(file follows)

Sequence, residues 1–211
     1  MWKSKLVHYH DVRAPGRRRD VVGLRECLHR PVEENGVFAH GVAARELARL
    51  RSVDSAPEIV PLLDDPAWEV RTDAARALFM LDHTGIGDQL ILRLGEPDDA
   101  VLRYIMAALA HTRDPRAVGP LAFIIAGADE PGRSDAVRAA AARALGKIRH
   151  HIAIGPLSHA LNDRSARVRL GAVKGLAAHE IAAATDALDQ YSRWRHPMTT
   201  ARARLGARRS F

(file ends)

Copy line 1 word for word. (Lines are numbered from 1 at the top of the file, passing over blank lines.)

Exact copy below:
Sequence, residues 1–211